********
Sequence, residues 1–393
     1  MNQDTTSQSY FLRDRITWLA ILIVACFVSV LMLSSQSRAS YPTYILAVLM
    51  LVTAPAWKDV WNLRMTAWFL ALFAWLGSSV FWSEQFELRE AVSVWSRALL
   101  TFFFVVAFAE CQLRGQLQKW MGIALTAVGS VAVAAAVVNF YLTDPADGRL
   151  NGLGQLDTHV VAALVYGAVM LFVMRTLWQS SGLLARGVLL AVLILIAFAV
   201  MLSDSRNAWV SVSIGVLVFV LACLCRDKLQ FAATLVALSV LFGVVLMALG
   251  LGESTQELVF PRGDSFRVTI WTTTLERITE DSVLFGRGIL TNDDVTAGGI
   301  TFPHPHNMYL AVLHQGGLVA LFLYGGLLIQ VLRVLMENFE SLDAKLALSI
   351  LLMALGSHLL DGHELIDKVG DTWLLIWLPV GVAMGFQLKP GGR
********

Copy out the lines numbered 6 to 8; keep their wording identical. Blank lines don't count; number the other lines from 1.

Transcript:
   201  MLSDSRNAWV SVSIGVLVFV LACLCRDKLQ FAATLVALSV LFGVVLMALG
   251  LGESTQELVF PRGDSFRVTI WTTTLERITE DSVLFGRGIL TNDDVTAGGI
   301  TFPHPHNMYL AVLHQGGLVA LFLYGGLLIQ VLRVLMENFE SLDAKLALSI